The Smart City is a concept which is getting widely popular in the last few years, becoming almost a catchphrase, and definitions have existed for around a decade now. Despite this, it seems that most citizens are not aware of the term, although they do have a good understanding of specific initiatives which are part of the concept.
Written by AbdouMaliq Simone and Edgar Pieterse, this book attempts to address the relationship between urban theory and practice in Asia and Africa. It is argued that we need to look at the neighborhood or district level to get the essence of urban lives. This book reads like a collection of authors’ thoughts on urban change over the past several decades. It reflects their concern for social justice in African and Asian cities, which is ever challenged by the commodification and technologization of urban spaces.
The Smart City concept is constantly growing in popularity as more and more solutions and features move from design to implementation stage and have an actual impact. A glance at ten of the “best” (according to Business Matters) existing smart cities from around the world can demonstrate the ways in which technological solutions are improving citizens’ lives.
NEWBITS presented its new collaboration platform for ITS stakeholders at the DG MOVE lunchtime conference
The H2020 project NEWBITS (New Business Models for ITS) supporting the initiatives and actions of the Directorate General MOVE, upon invitation of the Projects’ Officer Mr. Georgios Tzamalis, had the opportunity to present NEWBITS research results to eleven members of different departments of DG-MOVE at a lunchtime conference in Brussels on 30th of November 2018.
Smart City projects are moving from planning to implementation, with projects gaining traction, delivering concrete results, and knowledge and good practices spreading. As dozens of Smart City projects are underway around the world, ranging from relatively minor interventions to brand new cities built from scratch, it is worth taking a look at the current state of play in the field.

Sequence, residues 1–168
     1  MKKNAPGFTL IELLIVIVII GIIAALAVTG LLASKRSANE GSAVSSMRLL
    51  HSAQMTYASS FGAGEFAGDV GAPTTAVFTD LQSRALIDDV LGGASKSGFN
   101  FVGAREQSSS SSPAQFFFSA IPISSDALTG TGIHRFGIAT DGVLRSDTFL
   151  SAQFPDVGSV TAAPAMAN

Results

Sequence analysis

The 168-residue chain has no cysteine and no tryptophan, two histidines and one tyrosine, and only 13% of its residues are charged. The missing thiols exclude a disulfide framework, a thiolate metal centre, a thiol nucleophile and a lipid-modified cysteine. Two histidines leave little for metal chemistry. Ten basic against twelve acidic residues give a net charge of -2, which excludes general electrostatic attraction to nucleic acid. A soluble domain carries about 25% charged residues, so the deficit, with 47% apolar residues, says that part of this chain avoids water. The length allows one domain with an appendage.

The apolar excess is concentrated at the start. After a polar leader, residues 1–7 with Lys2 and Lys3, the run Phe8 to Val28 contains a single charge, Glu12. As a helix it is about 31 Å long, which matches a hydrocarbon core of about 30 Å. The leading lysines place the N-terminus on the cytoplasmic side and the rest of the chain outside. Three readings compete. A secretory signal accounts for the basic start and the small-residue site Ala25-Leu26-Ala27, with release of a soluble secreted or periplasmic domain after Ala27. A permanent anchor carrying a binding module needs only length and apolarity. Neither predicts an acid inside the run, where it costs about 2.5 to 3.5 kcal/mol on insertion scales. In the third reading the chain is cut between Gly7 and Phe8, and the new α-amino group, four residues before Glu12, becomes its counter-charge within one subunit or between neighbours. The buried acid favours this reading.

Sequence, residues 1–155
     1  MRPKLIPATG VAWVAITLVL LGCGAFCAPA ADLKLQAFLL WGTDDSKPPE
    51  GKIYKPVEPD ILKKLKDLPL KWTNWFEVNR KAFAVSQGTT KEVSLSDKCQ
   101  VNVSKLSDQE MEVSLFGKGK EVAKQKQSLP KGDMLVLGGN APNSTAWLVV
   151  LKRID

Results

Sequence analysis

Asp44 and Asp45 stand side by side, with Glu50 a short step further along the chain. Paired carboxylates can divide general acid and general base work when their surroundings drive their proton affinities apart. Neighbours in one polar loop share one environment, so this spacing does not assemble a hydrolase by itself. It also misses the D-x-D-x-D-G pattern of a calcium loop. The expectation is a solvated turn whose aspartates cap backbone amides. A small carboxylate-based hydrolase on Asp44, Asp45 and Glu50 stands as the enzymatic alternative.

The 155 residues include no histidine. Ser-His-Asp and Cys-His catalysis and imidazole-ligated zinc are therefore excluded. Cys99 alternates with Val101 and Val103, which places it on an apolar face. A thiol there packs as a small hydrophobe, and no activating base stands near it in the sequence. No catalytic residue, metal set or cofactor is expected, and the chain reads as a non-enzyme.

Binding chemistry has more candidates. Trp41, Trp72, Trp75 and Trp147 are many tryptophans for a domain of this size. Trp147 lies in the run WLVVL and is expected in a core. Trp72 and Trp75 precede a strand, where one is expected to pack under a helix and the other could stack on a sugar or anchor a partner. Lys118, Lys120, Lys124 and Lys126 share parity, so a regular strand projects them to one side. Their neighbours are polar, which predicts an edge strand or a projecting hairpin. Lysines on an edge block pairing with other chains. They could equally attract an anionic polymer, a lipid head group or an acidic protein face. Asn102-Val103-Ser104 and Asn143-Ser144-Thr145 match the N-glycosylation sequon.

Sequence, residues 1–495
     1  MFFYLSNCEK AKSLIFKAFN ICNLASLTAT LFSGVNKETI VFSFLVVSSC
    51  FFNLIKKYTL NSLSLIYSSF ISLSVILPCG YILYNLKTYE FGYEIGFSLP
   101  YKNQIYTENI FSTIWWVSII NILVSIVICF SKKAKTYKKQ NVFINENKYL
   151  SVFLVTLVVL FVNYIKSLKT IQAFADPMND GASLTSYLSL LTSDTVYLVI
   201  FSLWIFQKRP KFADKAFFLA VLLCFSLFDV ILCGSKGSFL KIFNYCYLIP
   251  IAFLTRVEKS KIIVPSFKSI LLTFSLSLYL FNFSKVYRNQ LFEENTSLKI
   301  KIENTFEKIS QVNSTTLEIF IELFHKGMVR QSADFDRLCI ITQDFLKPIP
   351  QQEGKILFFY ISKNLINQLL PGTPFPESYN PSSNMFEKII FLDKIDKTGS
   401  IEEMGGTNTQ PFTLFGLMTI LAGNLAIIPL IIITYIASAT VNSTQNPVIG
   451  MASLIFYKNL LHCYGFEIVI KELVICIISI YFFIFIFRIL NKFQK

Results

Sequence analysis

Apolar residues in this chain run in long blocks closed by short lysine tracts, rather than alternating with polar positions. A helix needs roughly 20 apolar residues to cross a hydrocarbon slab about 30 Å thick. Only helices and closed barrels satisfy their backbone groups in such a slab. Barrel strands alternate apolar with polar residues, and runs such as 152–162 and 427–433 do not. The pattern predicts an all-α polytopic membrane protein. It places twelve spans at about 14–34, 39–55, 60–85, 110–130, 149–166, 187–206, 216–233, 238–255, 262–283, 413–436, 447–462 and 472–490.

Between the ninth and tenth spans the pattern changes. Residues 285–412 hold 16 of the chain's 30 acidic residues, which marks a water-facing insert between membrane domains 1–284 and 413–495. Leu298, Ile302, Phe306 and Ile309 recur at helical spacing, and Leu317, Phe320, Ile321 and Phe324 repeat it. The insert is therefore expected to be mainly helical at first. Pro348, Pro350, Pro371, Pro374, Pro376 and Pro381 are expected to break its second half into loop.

NESTA just published its annual predictions for 2019. One of them refers to one of the global races which might be on to build ‘City Brains’. According the post the concept of a “smart city” has been around for several decades, often associated with hype, grandiose failures, and an overemphasis on hardware rather than people. NESTA points out that various technologies are now coming of age which bring the vision of a smart city closer to fruition. China is described to be in the forefront, investing heavily in sensors and infrastructures, and its ET City Brain project shows just how far the country’s thinking has progressed.
This paper reviews the literature about the Smart City paradigm in terms of culture, metabolism and governance and proposes a theoretical framework around it. This framework adopts a citizen-centered and outcome-oriented approach rather than a technology-based, corporate-driven solution. This approach applies smart infrastructure to each of the three fundamental values of a city in order to show how smart culture, smart metabolism, and smart governance can be created.